At what age is one be deemed wise?

At seventy? At eighty three? A hundred and twenty?

We read, “Abraham was now old, advanced in years.” (Genesis 24) In Hebrew, zaken, old is associated with wisdom. The rabbis teach that zaken points to an acronym, “zeh kanah hokhmah—this one has acquired wisdom.” Old is not a measure of years but instead a sign of wisdom. Zaken does not mean aged but wise.

And how old is Abraham? 175 years.

I have acquired this knowledge. I have gained this insight. I have achieved this wisdom.

Each of us has many, many more years to go before attaining wisdom and before being called, zaken.

Thursday, November 14, 2019

No Retreat from the World

I retreat to the Torah. It is a welcome distraction from the news and our country’s painful divisions.

This week we read about the destruction of Sodom and Gomorrah. These cities are marked by sinfulness. As in the story of Noah, God decides to start all over and wipe out the sinfulness. Again God shares the plan with a chosen, and trusted, person. This time it is Abraham. God says, “Shall I hide from Abraham what I am about to do?” (Genesis 18)

God reveals the plan to Abraham. But Abraham pleads in behalf of the people. Abraham argues (and negotiates) with God exacting a promise that if ten righteous people can be found then the cities should be saved. In the end Sodom and Gomorrah are destroyed. By the way, some suggest is the origin of the required number of ten for a minyan.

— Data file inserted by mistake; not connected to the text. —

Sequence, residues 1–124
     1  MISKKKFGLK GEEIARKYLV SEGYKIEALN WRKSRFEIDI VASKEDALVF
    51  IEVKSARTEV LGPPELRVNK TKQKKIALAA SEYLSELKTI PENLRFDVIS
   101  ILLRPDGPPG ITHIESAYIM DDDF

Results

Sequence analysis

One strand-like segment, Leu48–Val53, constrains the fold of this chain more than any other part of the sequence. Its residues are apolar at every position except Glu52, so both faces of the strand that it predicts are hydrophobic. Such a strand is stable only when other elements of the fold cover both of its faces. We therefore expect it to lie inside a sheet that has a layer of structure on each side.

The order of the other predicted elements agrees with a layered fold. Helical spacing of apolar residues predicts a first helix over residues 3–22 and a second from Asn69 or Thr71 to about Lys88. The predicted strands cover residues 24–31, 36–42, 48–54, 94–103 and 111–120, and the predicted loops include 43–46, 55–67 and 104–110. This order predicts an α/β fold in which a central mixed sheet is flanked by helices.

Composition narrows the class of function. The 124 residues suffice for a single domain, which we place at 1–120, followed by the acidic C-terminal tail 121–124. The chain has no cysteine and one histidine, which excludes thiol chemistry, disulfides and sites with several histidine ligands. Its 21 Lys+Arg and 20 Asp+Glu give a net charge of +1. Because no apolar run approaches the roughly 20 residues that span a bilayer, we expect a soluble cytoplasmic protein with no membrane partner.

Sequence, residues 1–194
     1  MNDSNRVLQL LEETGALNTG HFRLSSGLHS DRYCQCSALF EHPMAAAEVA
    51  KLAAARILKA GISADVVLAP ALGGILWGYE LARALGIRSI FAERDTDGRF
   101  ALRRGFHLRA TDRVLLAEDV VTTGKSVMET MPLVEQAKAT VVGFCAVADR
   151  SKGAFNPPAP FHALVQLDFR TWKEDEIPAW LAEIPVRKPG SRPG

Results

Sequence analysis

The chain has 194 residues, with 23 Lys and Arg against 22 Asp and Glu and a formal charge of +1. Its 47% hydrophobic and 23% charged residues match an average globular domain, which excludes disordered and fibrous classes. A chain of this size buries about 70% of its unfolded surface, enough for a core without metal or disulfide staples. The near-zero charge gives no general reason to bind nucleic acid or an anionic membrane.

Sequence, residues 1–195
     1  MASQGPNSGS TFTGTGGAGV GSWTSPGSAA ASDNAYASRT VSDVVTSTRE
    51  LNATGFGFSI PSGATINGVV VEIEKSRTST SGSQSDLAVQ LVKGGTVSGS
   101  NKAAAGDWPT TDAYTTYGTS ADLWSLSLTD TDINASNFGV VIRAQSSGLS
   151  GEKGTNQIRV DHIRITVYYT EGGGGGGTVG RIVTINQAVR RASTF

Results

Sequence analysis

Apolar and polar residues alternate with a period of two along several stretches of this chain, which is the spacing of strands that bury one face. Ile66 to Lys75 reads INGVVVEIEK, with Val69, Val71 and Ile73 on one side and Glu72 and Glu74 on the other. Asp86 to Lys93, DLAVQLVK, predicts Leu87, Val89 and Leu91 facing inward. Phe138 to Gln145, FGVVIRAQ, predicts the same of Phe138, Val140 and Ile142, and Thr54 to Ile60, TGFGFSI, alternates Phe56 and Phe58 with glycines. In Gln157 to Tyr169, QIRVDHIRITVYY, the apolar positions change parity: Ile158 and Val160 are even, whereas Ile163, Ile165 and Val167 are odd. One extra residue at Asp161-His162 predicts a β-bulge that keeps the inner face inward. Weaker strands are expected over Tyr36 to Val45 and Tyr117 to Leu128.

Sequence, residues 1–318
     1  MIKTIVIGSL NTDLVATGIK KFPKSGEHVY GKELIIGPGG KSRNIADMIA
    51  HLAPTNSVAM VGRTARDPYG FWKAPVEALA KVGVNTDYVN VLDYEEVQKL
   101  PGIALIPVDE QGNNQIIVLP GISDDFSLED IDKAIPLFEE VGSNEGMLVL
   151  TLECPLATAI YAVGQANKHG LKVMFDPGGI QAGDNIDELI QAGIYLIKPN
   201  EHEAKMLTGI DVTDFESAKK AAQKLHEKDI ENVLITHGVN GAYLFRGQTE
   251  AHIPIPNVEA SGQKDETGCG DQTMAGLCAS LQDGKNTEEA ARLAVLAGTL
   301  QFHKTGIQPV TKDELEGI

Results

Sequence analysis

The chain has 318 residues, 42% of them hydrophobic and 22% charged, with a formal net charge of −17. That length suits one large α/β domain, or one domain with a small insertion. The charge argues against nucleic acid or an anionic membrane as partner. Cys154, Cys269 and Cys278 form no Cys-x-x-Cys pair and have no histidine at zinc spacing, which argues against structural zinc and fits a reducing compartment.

And yet the Torah is unclear about what these cities’ inhabitants did that was so terrible. What were their sins? We are given only hints. “The outrage of Sodom and Gomorrah is so great, and their sin so grave!” Throughout the ages commentators have suggested that the people were guilty of sexual depravity. They cite as evidence the accompanying story that the townspeople attempted to rape the divine messengers who visit Lot, a resident of Sodom and a nephew of Abraham. This explains the English term “sodomy.”

Later the prophet Ezekiel offers more detail: “Only this was the sin of your sister city Sodom: arrogance! She and her daughters had plenty of bread and untroubled tranquility; yet she did not support the poor and needy.” (Ezekiel 16) He sees their sin in social terms. The cities were destroyed because of their failure to reach out to the needy and most vulnerable. There was plenty of food to share and yet they kept it all to themselves.